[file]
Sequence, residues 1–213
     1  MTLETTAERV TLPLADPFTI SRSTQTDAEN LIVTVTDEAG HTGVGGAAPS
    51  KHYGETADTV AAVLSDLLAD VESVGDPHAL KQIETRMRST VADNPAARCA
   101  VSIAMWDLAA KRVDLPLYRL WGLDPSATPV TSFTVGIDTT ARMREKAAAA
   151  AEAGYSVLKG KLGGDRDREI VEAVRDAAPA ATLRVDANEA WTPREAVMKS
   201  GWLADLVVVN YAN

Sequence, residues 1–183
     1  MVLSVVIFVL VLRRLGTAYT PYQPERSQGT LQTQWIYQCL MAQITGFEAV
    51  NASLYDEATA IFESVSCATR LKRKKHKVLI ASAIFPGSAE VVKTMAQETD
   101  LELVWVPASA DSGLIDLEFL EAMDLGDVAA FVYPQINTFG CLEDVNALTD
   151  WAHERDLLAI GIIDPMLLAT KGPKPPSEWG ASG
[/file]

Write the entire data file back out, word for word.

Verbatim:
Sequence, residues 1–213
     1  MTLETTAERV TLPLADPFTI SRSTQTDAEN LIVTVTDEAG HTGVGGAAPS
    51  KHYGETADTV AAVLSDLLAD VESVGDPHAL KQIETRMRST VADNPAARCA
   101  VSIAMWDLAA KRVDLPLYRL WGLDPSATPV TSFTVGIDTT ARMREKAAAA
   151  AEAGYSVLKG KLGGDRDREI VEAVRDAAPA ATLRVDANEA WTPREAVMKS
   201  GWLADLVVVN YAN

Sequence, residues 1–183
     1  MVLSVVIFVL VLRRLGTAYT PYQPERSQGT LQTQWIYQCL MAQITGFEAV
    51  NASLYDEATA IFESVSCATR LKRKKHKVLI ASAIFPGSAE VVKTMAQETD
   101  LELVWVPASA DSGLIDLEFL EAMDLGDVAA FVYPQINTFG CLEDVNALTD
   151  WAHERDLLAI GIIDPMLLAT KGPKPPSEWG ASG